“A corporation is considered to have a separate legal entity as a general rule……but when the notion of legal entity is used to defeat public convenience, justify wrong, protect fraud or defend crime, the law will regard the corporation as an association of persons.”

In Life Insurance Corporation of India v. Escorts Limited and Others[1], the Supreme Court laid down two major instances when the corporate veil is lifted. These are –

  1. Statutory provisions
  2. Judicial grounds

STATUTORY PROVISIONS

Officer in Default (Section 5 of the Act) This Section talks about the liability of ‘officer in default’ that is those individuals who are involved in wrongful or illegal acts are liable in respect of the offences committed by them. Thus, this section talks about the joint and several liability of the members. The term ‘officer in default’ includes a managing director or a whole-time director.

Reduction of Membership (Section 45 of the Act) – A public company requires at least 7 members for its formation and a private company requires at least two members (Section 3 of the Act). However when a company has been formed without complying with this minimum requirement and continues to carry on its business, then each member who knows such fact is individually liable for any debts contracted by the company during that time.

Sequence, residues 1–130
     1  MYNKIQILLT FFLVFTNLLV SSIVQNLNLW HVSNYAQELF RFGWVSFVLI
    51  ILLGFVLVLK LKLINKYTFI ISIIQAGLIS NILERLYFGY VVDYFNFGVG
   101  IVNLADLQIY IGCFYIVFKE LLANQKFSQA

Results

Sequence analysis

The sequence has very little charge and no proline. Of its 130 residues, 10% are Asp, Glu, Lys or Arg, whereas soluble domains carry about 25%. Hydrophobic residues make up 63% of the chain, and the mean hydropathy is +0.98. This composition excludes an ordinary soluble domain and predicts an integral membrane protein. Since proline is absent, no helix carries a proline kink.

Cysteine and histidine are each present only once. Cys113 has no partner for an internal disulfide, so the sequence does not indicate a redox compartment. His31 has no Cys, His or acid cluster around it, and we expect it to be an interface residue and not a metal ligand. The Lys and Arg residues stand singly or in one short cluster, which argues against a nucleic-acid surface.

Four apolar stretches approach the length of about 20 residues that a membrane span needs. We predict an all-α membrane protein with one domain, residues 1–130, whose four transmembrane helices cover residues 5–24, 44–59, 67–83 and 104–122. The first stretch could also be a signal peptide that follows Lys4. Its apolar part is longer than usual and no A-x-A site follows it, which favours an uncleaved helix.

Improper use of Name (Section 147 of the Act) Sub-section 4 of Section 147 of the Act provides the liability of  the officer who signs Bill of Exchange, Hundi, Promissory note, cheque under the improper name of the company. Such officer shall be to the holder of such Bill of Exchange, hundi, promissory note or cheque as the case may be; unless it is duly paid by the company.

Fraudulent conduct (Section 542 of the Act) If at the time of termination of the corporation, it is found that the activities of the company were carried to deceive the investors of the company then the individuals who had knowledge of such business would be personally liable for any loss caused to such investors as the court may direct.